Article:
I fell down a mountain last year. It was just after I’d been signed off for recovery from my first operation. Luckily I had my brace on with my thumb and forefinger strapped together. I was at the top of a steep, icy black run when I slipped and slid down the whole thing at high speed. I managed to hold the blade of the snowboard across in front of me bouncing as I went and sending enormous sprays of ice into the air. It must have looked quite spectacular from across the valley but my husband and daughter thought I’d finished myself off as they couldn’t see me from above.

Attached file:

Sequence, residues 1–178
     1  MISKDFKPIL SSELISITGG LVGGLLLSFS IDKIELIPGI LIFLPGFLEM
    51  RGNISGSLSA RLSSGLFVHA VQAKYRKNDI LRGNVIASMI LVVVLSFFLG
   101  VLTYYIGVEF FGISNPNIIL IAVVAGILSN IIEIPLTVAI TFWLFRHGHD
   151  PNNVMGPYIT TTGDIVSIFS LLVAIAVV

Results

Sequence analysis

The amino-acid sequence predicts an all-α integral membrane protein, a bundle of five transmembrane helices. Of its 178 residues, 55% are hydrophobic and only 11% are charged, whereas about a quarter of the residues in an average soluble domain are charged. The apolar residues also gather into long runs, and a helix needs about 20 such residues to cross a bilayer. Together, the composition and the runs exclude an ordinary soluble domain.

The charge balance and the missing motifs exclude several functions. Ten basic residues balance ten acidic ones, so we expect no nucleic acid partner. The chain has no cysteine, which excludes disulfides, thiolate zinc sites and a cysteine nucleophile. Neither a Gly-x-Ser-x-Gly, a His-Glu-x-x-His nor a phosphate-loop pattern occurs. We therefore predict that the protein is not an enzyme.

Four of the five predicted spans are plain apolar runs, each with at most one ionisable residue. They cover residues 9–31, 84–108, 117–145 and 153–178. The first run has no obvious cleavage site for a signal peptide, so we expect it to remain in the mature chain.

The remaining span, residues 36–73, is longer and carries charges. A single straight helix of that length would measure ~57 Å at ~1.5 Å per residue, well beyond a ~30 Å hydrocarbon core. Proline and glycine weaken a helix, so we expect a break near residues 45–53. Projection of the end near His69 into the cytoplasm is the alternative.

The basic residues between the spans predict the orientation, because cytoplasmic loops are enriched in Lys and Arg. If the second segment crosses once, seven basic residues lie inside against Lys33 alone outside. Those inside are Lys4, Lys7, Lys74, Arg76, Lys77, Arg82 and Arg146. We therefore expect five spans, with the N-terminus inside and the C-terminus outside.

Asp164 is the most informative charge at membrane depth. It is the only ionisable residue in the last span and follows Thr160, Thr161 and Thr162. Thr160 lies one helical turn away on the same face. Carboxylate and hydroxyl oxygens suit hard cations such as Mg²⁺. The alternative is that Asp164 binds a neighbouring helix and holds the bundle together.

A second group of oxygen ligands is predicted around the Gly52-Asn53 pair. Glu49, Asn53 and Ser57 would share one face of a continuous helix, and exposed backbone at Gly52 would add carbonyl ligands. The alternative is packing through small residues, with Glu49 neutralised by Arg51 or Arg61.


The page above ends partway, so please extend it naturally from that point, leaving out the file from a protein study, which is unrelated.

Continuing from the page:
All I could think of, despite the fact that I could have died if I’d lost control of the board, was my hand. I went down the entire mountain with my hand in the air and still have a friction burn on the elbow of my ski jacket. It’s strange that my hand has become so important to me and the instinct to save it kicked in so strongly despite all of the other risks involved.
The sad irony for me is that the injury to my hand, which I did falling in the hallway at home, is commonly known as Skier’s thumb. That’s because it often happens to skiers when they fall heavily with the pole between their thumb and forefinger.